Since the Nuremberg trials (1947–1949), informed consent has become central for ethical practice in patient care and biomedical research. Codes of ethics emanating from the Nuremberg Code (1947) recognize the importance of protecting patients and research subjects from abuses, manipulation and deception. Informed consent empowers individuals to autonomously and voluntarily accept or reject participation in either clinical treatment or research. In some cases, however, the underlying mental or physical condition of the individual may alter his or her cognitive abilities and (...) compromise the informed consent process. This is particularly true in chronic psychiatric conditions such as Treatment-Resistant Depression (TRD), where individuals may fail to respond to traditional antidepressant treatments (e.g., psychotherapy, pharmacotherapy). Moreover, it may raise further concerns for an individual’s motivation to consent and the level of understanding of the treatment or research procedure. This paper focuses on the informed consent process for Vagus Nerve Stimulation (VNS) in the treatment of individuals diagnosed with TRD. Specifically, the paper addresses how depression may affect the decision-making capacity of an individual and the potential ethical and legal impact of failure to appreciate the seven elements of the consenting process (competence, voluntariness, disclosure, recommendation, understanding, decision, and authorization). To ensure the protection of vulnerable individuals with psychiatric disorders such as TRD and promote ethical behavior in biomedical research and patient care while avoiding potential legal pitfalls, we propose a paradigm that requires a stringent evaluation process of decision-making capacity for informed consent. (shrink)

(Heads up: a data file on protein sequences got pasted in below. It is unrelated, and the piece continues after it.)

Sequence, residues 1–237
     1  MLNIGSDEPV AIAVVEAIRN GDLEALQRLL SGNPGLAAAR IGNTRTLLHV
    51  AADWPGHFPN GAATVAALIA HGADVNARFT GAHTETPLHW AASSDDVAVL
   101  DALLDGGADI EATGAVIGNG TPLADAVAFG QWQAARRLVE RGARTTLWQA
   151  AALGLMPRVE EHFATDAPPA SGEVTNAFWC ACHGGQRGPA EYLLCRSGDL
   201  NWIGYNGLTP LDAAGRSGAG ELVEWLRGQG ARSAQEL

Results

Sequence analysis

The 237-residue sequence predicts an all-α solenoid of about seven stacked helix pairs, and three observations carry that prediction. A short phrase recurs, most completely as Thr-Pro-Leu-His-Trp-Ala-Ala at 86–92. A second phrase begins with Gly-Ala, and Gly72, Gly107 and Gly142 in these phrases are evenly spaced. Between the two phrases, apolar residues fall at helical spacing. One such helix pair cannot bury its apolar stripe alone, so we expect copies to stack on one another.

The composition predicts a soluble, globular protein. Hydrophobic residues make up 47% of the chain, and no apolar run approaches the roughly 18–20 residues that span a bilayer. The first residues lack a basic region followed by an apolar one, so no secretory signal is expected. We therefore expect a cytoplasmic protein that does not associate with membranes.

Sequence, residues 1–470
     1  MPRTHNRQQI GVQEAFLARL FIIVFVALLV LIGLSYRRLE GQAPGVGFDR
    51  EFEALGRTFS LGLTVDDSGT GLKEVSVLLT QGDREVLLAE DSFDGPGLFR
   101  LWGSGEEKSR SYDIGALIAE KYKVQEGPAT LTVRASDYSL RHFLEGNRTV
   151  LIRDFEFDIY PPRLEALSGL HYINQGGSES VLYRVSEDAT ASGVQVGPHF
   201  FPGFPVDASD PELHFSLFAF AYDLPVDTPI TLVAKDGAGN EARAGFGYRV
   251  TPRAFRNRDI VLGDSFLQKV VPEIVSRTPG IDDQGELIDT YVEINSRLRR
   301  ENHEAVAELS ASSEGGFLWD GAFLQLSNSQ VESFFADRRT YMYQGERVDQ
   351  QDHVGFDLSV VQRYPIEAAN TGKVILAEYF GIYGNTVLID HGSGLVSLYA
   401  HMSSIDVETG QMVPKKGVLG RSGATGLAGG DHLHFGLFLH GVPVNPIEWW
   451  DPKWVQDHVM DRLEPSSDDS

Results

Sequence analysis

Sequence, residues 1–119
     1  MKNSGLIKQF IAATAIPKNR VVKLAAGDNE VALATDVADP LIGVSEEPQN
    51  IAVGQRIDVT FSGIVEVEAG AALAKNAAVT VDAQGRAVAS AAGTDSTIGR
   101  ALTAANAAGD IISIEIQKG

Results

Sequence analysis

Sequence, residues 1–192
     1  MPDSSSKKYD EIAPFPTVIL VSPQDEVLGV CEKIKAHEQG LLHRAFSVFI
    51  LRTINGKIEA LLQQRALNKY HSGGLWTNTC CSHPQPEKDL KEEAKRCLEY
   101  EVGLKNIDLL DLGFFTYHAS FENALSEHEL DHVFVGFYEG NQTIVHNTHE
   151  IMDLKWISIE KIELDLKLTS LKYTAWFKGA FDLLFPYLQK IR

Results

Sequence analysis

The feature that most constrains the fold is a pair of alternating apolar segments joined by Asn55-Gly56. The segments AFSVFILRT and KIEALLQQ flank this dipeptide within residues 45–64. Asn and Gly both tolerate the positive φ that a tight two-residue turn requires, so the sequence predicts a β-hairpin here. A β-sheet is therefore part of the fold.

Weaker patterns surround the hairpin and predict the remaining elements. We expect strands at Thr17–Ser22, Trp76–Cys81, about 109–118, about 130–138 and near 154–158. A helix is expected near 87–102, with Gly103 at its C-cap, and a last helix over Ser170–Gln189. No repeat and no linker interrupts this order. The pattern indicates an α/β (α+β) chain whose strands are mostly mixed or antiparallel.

This paper investigates how Schleiermacher’s universal hermeneutics can be considered as a better alternative to both, German rationalist aesthetics as pioneered by Christian Wolff, and Kant’s transcendental idealism, to the extent of overcoming the problematics of rule-following. A general account of the necessity of a universal hermeneutics and its meaning from historical practices of exegeses is given. This is then followed by the account of rule-following in the tradition of both German rationalist aesthetics and Kant’s transcendental idealism with latter as (...) expounded in Kant’s Critique of Pure Reason. The investigation is comparative and descriptive. The purpose of this study is to discuss the hermeneutic possibilities in research methodologies for human sciences. (shrink)
This commentary focuses on the importance of auditory object processing for producing and comprehending human language, the relative lack of development of this capability in nonhuman primates, and the consequent need for hominid neurobiological evolution to enhance this capability in making the transition from protosign to protospeech to language.
Biometrics readers are deployed in many public sites and are used for user identification and verification. Nowadays, most biometrics readers can be connected to local area networks, and consequently, they are potential targets for network attacks. This article investigates the robustness of several fingerprint and iris readers against common denial of service attacks. This investigation has been conducted using a set of laboratory experiments and DoS attack generator tools. The experiments show clearly that the tested biometric readers are very vulnerable (...) to common DoS attacks, and their recognition performances deteriorate significantly once they are under DoS attacks. Finally, the article lists some security consideration that should be taken into consideration when designing secure biometrics readers. (shrink)